PD – Nürburgring is a more much relaxed and fun event than Le Mans. The atmosphere is much more friendly and the fans in the forest are night seem to have a good time. From the racing side, our car should be right at the sharp end of the grid so me dealing with traffic is very different to my recent races in the GT2 Spyker. At Le Mans, the prototypes can be double our speed and you are constantly wary of them whereas at Nürburgring, it’s the Clios and older cars that we have to thread our way by. With around 200 cars on track, it can be busy and nowadays with many factory cars the pace is hot so we have to be on it from the start.
I think it is more of a family event too and it’s great they have kept the atmosphere as it has grown. They are also keeping things fair between the professional teams and the amateurs too. For instance, we all have to queue for pump fuel which is dispensed at similar rate to a regular petrol station. So we can be queuing there but it means there is less rush for putting belts on and getting settled in the car.
Because you have four drivers per car, we also have more breaks and the team gets us a container with bunks inside to sleep in. I’ll manage to get some sleep in the night without too much trouble.
Do you know the ‘Ring well?
PD – Yes, I do. I’ve done it in 03 and 04 in a DTM Opel car and also 05 in a Porsche with Alzen and 07,08,09 and 10 with FALKEN in the Nissan. There are some people that specialise in the Ring and drive many laps in the VLN. These guys have incredible knowledge but only know this track. I tend to build up confidence and the speed. I have a good knowledge of how the track changes and feels and use this to carry the speed through the weekend.
Do you have a favourite section?
From Hohe Acht on is pretty special, it’s very quick there. I also like Pflanzgarten, which is cool too.
You’ve also been doing tyre testing with FALKEN, tell us a little about that?
PD – This is the first year FALKEN has run a Porsche and they needed to develop new tyres to get the most from the 997. The Porsche is very different to the front engine, rear drive Nissan so this has to be factored into the construction. In addition, FALKEN’s experienced engineers have been analysing the track surface and composition to offer the required grip. Its engineers are highly experienced and know how to build a durable, consistent tyre, something that is essential in such a race. FALKEN has an exceptional heritage at the circuit and each year we get better and better. I also know this knowledge is used by the road car engineers so it’s unsurprising their performance tyres such as the FK452 are widely used on track days. Our demands for a consistent tyre with good turn in and responsiveness are things that are equally relevant for this and the road.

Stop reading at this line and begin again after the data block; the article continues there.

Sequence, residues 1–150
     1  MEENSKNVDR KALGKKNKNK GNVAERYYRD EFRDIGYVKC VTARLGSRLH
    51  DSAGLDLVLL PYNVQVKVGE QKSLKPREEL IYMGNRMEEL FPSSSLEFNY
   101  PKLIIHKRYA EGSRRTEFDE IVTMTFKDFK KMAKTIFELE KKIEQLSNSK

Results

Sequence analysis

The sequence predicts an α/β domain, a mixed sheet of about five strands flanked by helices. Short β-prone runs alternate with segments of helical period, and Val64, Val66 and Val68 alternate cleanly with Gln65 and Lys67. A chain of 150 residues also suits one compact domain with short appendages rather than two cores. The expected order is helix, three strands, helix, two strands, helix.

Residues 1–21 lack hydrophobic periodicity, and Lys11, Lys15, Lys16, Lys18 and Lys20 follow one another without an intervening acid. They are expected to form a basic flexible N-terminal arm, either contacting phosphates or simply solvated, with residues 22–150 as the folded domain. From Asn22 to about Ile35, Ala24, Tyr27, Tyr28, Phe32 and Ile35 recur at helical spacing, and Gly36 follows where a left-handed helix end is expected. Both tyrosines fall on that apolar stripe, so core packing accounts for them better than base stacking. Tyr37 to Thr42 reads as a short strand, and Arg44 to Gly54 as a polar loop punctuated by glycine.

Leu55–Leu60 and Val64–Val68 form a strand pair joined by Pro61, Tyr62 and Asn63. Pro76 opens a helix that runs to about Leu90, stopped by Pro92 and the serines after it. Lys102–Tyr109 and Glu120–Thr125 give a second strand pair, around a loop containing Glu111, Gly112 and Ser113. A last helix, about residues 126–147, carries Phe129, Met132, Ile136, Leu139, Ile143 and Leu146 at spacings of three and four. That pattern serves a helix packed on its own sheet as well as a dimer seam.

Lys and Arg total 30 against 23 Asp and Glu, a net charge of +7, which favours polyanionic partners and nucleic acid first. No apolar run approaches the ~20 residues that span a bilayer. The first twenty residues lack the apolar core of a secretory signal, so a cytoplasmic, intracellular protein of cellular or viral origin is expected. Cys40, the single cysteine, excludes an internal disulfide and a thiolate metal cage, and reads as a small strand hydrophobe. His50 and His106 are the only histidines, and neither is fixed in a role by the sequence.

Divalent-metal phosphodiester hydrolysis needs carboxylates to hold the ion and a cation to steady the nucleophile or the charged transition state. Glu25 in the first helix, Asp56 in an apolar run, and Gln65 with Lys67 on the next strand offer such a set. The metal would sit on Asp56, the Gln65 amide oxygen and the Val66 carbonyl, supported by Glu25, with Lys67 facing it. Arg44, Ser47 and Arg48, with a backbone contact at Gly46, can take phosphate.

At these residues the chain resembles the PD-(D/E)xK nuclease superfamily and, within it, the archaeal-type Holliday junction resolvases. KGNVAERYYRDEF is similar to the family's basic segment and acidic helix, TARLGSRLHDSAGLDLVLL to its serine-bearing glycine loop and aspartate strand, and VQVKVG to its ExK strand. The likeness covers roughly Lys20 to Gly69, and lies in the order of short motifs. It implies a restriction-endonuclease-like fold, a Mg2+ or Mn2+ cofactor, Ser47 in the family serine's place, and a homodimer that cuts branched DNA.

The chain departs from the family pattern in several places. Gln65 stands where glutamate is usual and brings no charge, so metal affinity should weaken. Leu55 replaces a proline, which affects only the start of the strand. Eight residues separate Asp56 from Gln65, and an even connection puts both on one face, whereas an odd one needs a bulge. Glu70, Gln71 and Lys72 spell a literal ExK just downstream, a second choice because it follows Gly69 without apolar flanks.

So do you have a wide choice of tyres?
PD – We used our last test to fix the compounds and FALKEN is already starting to produce the tyres for the race in June. We’ll have multiple compounds including a softer one for the cooler night stints as well as inters and wets – the weather is changeable! The engineers from Japan know how to make a good race tyre and with the ALMS programme, also with a Porsche though GT2 spec, they were rapidly able to define a core compound and construction that was great from the off. The tyres remained consistent during long run testing and very user friendly without any snap oversteer which can be very difficult on tracks like the Nordscheife. That’s another advantage we have.
Have you also looked at set up?
PD – A little but it’s important that you have a base set up before doing the tyre work and fixing the compounds. Having factory drivers such as Jorg Bergmeister and Wolf Henzler mean we are good shape and both of those highly experienced Porsche drivers feel the car is good and we can refine set up in our next run.
How will you split the race with your team mates?
PD – We can’t be in the car for more than two and a half hours, that’s a rule there. We’ll do longer runs, probably two stints of 8 laps. We have a strong line up with factory drivers including Henzler, Ragginger and Asch, and the team FALKEN has set up has extensive Porsche experience but its a long race with many variables so we’ll see.